And good night/ good morning world from #sanjoseca! Thanks for following our coverage via Kenya and California! Thanks @lagatjustin! Stories in 8 hours! @NNRunningTeam @adidasrunning @berlinmarathonE @Running_Network @coachathletics @American_TandF @LagatJustin pic.twitter.com/UIiOglY6Wl
— RunBlogRun (@RunBlogRun) September 26, 2021
This is Justin Lagat’s piece on the 2021 BMW Berlin Marathon. He notes, that, unlike most of the global audience, Justin knew who Bethwel Yegon was, as he had trained with the group before! Thanks again to Justin, who provided some well place tweets as I was trying to find Berlin broadcast that I could watch as NBCN was not working. Big difference in covering remotely and with reliable terrestrial TV.
With the first 5km being crossed in 14:22, in the men’s race, it promised to be another world record-breaking day at the 2021 Berlin Marathon as Kenenisa Bekele led five other runners in the world record pace. The 10km point was crossed at 28:47 and the predicted finish time at that point was 15 seconds inside the world record.
However, at around 18km Bekele, who many expected to break Eliud Kipchoge’s world record of 2:01.39, began to gradually fall behind the leading pack. By the half marathon point which was crossed in 1:00.48, he was twelve seconds behind Lencho Desfaye, Guye Adola, Abraham Kipyatich and Philemon Kacheran.
At 23km, the leaders began to suffer the consequences of their fast splits in the first half of the race and their pace that had been ranging from 2:45/km to 2:55/km began to move up to an average pace of above 3:00/km. Bekele took advantage of the slowing pace to close the gap again and he was in the lead at 30km.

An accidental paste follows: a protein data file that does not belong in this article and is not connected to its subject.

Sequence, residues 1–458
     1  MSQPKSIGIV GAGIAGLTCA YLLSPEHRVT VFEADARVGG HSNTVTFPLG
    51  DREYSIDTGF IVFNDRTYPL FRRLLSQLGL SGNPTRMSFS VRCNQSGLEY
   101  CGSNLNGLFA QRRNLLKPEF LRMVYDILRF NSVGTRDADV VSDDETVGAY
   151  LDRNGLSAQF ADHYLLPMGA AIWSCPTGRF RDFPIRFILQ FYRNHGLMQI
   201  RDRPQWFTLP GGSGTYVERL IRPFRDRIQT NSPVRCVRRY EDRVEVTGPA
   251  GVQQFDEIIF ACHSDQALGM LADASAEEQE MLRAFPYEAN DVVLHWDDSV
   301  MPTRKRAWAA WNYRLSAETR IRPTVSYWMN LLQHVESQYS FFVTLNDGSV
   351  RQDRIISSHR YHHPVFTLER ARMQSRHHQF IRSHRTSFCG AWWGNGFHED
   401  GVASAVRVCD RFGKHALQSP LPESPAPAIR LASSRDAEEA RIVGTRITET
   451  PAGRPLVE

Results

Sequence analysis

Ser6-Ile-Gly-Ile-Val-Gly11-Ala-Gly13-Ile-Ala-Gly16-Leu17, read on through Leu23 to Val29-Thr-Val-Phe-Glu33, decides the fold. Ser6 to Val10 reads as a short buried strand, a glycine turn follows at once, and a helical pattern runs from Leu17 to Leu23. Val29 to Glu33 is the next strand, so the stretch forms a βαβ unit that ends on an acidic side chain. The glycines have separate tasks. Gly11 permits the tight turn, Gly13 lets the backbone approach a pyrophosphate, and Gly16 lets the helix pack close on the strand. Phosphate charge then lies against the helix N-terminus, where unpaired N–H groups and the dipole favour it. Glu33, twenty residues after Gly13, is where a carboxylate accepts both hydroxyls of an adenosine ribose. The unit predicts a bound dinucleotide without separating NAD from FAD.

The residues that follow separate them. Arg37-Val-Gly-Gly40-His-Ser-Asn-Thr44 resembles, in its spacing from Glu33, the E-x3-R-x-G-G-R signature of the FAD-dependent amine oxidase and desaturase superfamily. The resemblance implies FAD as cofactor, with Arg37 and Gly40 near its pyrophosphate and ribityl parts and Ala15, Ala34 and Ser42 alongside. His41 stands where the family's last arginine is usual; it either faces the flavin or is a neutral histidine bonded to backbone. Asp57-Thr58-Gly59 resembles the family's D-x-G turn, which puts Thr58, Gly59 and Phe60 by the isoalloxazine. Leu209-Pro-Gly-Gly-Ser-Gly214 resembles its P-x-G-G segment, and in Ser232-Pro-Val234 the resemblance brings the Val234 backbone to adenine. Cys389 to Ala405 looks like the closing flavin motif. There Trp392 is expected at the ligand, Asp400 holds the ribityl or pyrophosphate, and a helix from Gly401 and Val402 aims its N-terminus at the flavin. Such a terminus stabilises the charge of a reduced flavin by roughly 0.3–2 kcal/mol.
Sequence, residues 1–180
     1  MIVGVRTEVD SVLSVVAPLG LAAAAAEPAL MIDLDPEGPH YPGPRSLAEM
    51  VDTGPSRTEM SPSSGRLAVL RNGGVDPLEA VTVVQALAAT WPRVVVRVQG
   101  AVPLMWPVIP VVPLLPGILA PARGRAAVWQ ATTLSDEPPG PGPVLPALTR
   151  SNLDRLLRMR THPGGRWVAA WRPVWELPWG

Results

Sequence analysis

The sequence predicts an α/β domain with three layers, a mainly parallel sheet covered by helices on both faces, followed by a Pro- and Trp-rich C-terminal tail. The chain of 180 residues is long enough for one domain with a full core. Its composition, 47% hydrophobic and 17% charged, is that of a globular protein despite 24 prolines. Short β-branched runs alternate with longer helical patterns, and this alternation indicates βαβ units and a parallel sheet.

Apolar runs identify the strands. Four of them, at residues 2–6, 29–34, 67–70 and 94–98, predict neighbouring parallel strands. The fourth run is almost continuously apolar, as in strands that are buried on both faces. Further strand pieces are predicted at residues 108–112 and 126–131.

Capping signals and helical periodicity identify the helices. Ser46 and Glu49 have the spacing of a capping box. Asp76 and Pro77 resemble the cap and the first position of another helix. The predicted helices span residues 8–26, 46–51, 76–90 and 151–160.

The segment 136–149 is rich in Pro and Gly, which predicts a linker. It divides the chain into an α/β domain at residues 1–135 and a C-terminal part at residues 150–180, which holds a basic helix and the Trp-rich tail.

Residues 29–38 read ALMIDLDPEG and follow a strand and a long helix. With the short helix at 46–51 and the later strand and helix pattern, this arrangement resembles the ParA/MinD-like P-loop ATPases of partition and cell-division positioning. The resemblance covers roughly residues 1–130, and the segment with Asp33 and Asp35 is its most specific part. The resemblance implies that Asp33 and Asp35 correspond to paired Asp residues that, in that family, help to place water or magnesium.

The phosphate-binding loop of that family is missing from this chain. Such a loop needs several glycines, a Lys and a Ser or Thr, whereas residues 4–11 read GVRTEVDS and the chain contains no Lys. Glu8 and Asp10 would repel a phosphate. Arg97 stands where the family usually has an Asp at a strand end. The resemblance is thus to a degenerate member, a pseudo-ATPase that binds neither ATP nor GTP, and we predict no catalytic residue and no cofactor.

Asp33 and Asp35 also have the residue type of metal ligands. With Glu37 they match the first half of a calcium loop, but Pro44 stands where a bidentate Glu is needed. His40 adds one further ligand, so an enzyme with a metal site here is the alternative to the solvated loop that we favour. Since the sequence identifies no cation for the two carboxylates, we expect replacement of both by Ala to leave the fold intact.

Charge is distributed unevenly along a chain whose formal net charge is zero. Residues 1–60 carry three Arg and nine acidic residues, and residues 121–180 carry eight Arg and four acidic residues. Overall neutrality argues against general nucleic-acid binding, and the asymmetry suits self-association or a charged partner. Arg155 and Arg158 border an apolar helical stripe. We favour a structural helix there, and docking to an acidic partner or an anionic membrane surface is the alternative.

Adola made a move at around the 35km point leaving Kacheran and Bekele, who had been giving him company in a leading pack of three, to follow in a single file.
Then, coming seemingly out of nowhere, Bethwel Yegon who had been almost one and half minutes behind the leaders at the half marathon point began to overtake Kacheran and Bekele and soon was running shoulder to shoulder with Adola at the front.
It was not just a surprise that he appeared to have been coming out of nowhere in the race, but his name was not even featuring anywhere in the pre-race conversations as he apparently was not such a big star to raise any interest from anyone. To me who knew him in person as he would often join our training group in Eldoret, I had to call other members in the training group who were watching the race elsewhere to make sure that my eyes were not playing some tricks on me, and they confirmed that it was indeed the “Brown” we knew who was in the verge of winning the Berlin Marathon.
At 40km, Adola made another determined effort to break away from the lesser-known Yegon and became successful. The gap would continue to increase until he crossed the finish line in 2:05.45, 29 seconds ahead of Yegon. Bekele came in third place in 2:06.47.
In the women’s race, Gotytom Gebreslase and Hiwot Gebrekidan battled each other at the front until around 35 kilometers when Gebreslase finally began to break away. The latter won the race in 2:20.09 as the clearly tired Gebrekidan came second in 2:21.23. It took a while before Helen Tola came in to complete the podium in 2:23.05.